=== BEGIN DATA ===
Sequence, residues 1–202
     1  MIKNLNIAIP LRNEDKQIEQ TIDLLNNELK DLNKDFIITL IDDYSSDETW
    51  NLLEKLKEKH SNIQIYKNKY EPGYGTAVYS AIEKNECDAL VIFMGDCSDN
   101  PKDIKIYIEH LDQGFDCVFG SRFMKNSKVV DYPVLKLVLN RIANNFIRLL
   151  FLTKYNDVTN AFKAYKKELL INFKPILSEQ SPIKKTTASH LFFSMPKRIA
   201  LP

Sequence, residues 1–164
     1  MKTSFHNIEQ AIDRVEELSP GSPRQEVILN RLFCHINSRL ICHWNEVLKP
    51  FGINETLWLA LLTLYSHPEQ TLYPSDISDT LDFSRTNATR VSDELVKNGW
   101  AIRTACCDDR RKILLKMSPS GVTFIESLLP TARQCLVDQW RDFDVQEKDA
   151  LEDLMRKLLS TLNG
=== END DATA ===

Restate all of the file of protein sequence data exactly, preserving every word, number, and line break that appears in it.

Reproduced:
Sequence, residues 1–202
     1  MIKNLNIAIP LRNEDKQIEQ TIDLLNNELK DLNKDFIITL IDDYSSDETW
    51  NLLEKLKEKH SNIQIYKNKY EPGYGTAVYS AIEKNECDAL VIFMGDCSDN
   101  PKDIKIYIEH LDQGFDCVFG SRFMKNSKVV DYPVLKLVLN RIANNFIRLL
   151  FLTKYNDVTN AFKAYKKELL INFKPILSEQ SPIKKTTASH LFFSMPKRIA
   201  LP

Sequence, residues 1–164
     1  MKTSFHNIEQ AIDRVEELSP GSPRQEVILN RLFCHINSRL ICHWNEVLKP
    51  FGINETLWLA LLTLYSHPEQ TLYPSDISDT LDFSRTNATR VSDELVKNGW
   101  AIRTACCDDR RKILLKMSPS GVTFIESLLP TARQCLVDQW RDFDVQEKDA
   151  LEDLMRKLLS TLNG